If scholarship is making knowledge together, then the kind of knowledge we create together depends on the kinds of relationships we bring to and create through our scholarly work. J-BILD is built on a supportive, community-based model where members are not excluded from publishing based on certain norms of merit (title, academic experience, research output, etc.). J-BILD authors actively take part in a collaborative review process with a peer mentor—the process is transparent and includes authors in every phase of the publication process. The relationships that are built throughout this process are no less important than the product, i.e., the journal issue. We are encouraged that this model seems to be resonating with our authors and mentors. As one of our authors wrote to us recently: “[My peer mentor] has been an amazing support throughout this process. I keep telling my fellow graduate students that it is possible to have a positive review experience and am encouraging them to look into J-BILD! I sincerely hope this collaborative approach can be taken up by other journals, as it has been so helpful to me as a junior scholar.” 

This issue is perhaps the most representative of our lives behind the scenes of J-BILD. In January 2019, we received 11 submissions for this current issue. With our hands full of babies and older children, juggling mothering and careers and families, we found ourselves rushing to keep up with our own self-imposed tight timelines for the journal (i.e., moving from submission to publication in less than half a year). And by acting in haste, we found we were losing the sense of connection, the relationships with our authors, with our peer mentors, and even with each other. To foster the community-building that is at the heart of J-BILD, we needed to allow more time to mull, to ponder, to read, to write, to reflect, and to connect. In our opening paragraph above, we asked, how do we create our own space while staying true to the values and ideals of scholarship as “making knowledge together” (Paré, 2016)? The answer is: by slowing down and managing expectations—our own and others’.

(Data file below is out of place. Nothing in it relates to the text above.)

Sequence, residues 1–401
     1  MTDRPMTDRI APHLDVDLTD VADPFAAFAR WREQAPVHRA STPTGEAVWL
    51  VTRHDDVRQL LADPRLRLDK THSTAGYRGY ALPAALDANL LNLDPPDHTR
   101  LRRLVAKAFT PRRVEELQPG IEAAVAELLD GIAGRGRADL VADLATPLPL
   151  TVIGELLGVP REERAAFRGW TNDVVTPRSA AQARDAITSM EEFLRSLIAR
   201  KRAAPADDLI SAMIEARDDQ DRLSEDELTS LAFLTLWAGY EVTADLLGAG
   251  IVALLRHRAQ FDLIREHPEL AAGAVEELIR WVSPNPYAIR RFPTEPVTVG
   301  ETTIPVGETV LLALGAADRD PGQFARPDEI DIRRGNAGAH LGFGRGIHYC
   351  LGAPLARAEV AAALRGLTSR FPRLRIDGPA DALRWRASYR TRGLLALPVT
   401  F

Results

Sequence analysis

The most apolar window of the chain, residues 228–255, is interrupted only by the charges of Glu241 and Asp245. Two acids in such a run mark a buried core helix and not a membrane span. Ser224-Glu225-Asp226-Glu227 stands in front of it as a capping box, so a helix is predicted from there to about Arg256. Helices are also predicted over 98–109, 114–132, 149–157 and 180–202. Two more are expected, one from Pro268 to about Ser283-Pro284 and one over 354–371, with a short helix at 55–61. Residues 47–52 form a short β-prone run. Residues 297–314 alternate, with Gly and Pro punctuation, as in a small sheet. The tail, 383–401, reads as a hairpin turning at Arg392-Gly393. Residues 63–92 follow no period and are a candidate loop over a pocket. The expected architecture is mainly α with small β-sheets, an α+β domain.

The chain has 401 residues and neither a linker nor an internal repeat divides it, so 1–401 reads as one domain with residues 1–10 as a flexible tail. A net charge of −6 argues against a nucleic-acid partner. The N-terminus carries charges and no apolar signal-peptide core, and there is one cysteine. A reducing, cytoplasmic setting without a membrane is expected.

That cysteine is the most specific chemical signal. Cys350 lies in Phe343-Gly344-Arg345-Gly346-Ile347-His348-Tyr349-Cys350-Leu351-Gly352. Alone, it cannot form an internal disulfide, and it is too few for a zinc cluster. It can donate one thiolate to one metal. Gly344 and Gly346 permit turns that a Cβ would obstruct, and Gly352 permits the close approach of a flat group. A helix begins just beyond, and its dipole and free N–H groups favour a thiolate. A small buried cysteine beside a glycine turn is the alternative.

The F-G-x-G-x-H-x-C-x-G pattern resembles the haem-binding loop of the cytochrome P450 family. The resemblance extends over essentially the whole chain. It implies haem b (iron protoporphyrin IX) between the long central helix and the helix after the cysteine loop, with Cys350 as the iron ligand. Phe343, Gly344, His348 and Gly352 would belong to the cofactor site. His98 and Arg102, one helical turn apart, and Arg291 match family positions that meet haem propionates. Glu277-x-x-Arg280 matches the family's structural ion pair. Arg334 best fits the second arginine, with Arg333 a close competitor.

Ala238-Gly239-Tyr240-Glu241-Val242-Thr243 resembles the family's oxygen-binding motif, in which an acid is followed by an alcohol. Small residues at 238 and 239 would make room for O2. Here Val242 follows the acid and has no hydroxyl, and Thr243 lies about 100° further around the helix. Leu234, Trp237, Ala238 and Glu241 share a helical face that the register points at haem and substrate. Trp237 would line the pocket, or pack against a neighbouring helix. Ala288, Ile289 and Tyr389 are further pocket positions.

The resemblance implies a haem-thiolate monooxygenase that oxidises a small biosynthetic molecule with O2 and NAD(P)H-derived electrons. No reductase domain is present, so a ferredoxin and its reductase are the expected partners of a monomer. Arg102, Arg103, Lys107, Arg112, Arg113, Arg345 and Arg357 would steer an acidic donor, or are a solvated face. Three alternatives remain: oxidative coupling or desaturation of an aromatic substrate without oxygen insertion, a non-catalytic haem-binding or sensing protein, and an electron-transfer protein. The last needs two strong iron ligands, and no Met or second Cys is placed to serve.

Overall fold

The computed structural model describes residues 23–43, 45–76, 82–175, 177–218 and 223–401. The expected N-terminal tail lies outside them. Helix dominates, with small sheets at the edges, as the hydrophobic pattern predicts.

We have a number of manuscripts in process and look forward to publishing them in due time. For this issue, we are very pleased to present two articles that we judged were valuable contributions to perspectives on diversity in education in contemporary Canadian contexts. Each is from a different stage of the research cycle, namely, a critical literature review and a research study. 

Isabelle Côté is the author of “Regard croisé sur l’intégration des perspectives autochtones dans les recherches menées en français au Canada”, a critical literature review of research related to the integration of Indigenous perspectives into teacher education and K-12 programs in British Columbia. Through her discussion and interpretation of Canadian-based research, Côté reveals a number of challenges and successes found in integrating the perspectives of Indigenous people. 

“‘How am I supposed to teach them French when they can’t even speak English?’: Unpacking the myth of English proficiency as a prerequisite for French immersion” is a recent research study by Stephen Davis. In this article, Davis explores the beliefs of French immersion teachers about Allophones in French immersion in Saskatoon. He frames his study within the sociolinguistic landscape of Canada and Saskatchewan, highlighting the problematic nature of the Anglophone-Francophone binary within conversations around language and education, which essentially exclude citizens who speak a first language other than French or English. Davis presents and interprets the data generated through questionnaires and semi-structured interviews with French immersion teachers to reveal how French immersion teachers perceive the suitability of French immersion for Allophone students in Saskatoon, as well as how these teachers perceive English proficiency as a determinant of success. Davis concludes with practical recommendations for school boards and a call for further research about Allophone learners in French immersion programs. 


Paré, A. (2016, April 17). Making knowledge together: Voice, identity, agency, and communal effort [Blog post]. Retrieved from http://bild-lida.ca/blog/uncategorized/making-knowledge-together-voice-identity-agency-and-communal-effort-by-dr-anthony-pare